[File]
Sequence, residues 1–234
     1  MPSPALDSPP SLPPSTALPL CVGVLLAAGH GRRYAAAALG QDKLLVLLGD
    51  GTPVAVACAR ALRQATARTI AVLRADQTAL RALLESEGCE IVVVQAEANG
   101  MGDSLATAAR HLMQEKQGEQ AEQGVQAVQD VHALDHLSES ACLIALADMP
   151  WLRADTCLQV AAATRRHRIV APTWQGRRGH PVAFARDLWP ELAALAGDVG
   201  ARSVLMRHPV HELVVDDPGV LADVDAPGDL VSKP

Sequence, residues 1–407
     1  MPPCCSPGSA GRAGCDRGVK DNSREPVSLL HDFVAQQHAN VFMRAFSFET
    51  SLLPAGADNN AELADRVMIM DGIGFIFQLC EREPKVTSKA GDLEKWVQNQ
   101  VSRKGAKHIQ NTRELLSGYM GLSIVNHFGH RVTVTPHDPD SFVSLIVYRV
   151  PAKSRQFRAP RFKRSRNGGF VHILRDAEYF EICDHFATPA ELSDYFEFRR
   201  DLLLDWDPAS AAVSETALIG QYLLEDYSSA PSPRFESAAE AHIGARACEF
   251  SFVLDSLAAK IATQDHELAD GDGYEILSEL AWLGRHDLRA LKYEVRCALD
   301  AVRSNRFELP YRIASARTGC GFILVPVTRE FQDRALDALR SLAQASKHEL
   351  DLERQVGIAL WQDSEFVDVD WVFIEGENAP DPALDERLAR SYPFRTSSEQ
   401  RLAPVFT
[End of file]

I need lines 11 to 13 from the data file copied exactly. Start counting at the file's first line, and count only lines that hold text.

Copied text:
   151  PAKSRQFRAP RFKRSRNGGF VHILRDAEYF EICDHFATPA ELSDYFEFRR
   201  DLLLDWDPAS AAVSETALIG QYLLEDYSSA PSPRFESAAE AHIGARACEF
   251  SFVLDSLAAK IATQDHELAD GDGYEILSEL AWLGRHDLRA LKYEVRCALD